I probably would have adored this movie at nine. It’s faithful to Burroughs, and the cast is a good one — and those were my main movie-judging criteria at that time. But the cast is weak at the top — with Kitsch’s Carter. (Paradoxically maybe, he’s not kitschy enough. Or the alternative: He’s neither amusingly campy nor honestly emotional.) Kitsch’s face has a bit of Kurt Russell‘s surly charm, but, for most of this movie, he lacks the strong conquering presence of someone who reacts so well to getting whisked off to Mars from the Old West, and who then becomes a local hero of the Tharks due to his ability to leap around in huge bounds in the altered gravity — and to top it off, of someone who could woo and win a Martian Princess. Something has to explain Carter’s unusual heroism — besides that habitual movie star short cut: to heroism: extreme good looks.

The irony of John Carter, is that, with its space battles, interplanetary love affair and weird creatures (the best good beast is the huge puppyish “calot” Woola and the best bad ones are the huge arena monsters )it looks overfamiliar, and it’s been carped at by some as simply a Star Wars wannabe or Avatar retread. Actually, the John Carter stories, which began in All-Story in 1912, were the great grand-daddies of all space operas. However much they may have been influenced by Jules Verne and H. G. Wells, they were among the first stories to blend the landscapes, action, heroes and ethos of the pulp Western — the “horse opera” — with an exotic, otherworldly, other-planetary backdrop.

So, 100 years later, it isn’t quite fair to criticize this John Carter (which becomes John Carter of Mars in the end-titles) as being a knockoff itself. People have been taslking about adapting Carter to the movies, ever since Loony Tuner Bob Clampett proposed a feature cartoon version back in 1931. “Flash Gordon” was a knock-off of the Carter stories — and James Cameron hasn’t been shy about claiming for Avatar the previous influence and example of Carter‘s Mars.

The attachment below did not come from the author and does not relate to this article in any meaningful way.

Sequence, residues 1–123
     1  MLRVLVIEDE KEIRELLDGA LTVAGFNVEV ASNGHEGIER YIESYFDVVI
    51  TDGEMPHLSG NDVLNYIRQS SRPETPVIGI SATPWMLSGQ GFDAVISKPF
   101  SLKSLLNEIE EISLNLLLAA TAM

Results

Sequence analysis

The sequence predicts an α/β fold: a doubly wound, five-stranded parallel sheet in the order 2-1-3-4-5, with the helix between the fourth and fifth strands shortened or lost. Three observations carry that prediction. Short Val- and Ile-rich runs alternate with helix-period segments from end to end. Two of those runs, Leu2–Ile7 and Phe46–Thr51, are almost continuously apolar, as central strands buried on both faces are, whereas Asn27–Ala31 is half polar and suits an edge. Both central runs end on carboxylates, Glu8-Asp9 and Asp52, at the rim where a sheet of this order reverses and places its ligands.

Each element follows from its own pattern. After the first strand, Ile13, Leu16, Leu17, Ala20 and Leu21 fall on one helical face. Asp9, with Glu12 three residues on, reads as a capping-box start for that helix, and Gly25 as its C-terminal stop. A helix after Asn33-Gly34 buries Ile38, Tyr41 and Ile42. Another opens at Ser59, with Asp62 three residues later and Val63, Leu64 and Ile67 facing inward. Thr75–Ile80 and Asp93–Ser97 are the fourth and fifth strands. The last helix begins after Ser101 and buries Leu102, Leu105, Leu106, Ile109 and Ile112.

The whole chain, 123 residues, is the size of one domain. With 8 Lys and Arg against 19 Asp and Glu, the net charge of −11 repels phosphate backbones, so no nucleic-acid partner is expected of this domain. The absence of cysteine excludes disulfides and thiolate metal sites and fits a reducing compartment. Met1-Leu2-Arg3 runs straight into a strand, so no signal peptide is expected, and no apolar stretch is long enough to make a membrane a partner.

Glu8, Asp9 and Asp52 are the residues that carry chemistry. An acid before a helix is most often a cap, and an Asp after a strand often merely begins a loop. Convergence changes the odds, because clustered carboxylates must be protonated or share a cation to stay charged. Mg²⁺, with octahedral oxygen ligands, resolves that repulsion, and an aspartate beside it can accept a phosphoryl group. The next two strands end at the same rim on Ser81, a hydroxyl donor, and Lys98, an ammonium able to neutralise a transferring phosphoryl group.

As to whether it’s a good movie, well yeah, it is, though it may have bitten off too big a chew. But it has everything you need in a movie like this, if you’re, oh say, nine to twelve. And I often wish I were a nine-year-old again, sitting beneath a tree at the Yerkes Observatory, Williams Bay, Wisconsin, waiting for my mother to finish work, bending over a brown spiral notebook with a ball point pen, and writing “Tarzan and the Caves of Gaspaar.”

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Wilmington

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This is probably going to sound petty, but Martin Scorsese insisting that critics see his film in theaters even though it’s going straight to Netflix and then not screening it in most American cities was a watershed moment for me in this theatrical versus streaming debate.

I completely respect when a filmmaker insists that their movie is meant to be seen in the theater, but the thing is, you got to actually make it possible to see it in the theater. Some movies may be too small for that, and that’s totally OK.

When your movie is largely financed by a streaming service and is going to appear on that streaming service instantly, I don’t really see the point of pretending that it’s a theatrical film. It just seems like we are needlessly indulging some kind of personal fantasy.

I don’t think that making a feature film length production that is going to go straight to a video platform is some sort of “step down.“ I really don’t. Theatrical exhibition as we know it is dying off anyway, for a variety of reasons.

I should clarify myself because this thread is already being misconstrued — I’m talking about how the movie is screened in advance. If it’s going straight to Netflix, why the ritual of demanding people see it in the theater?

There used to be a category that everyone recognized called “TV movie” or “made for television movie” and even though a lot of filmmakers considered that déclassé, it seems to me that probably 90% of feature films fit that description now.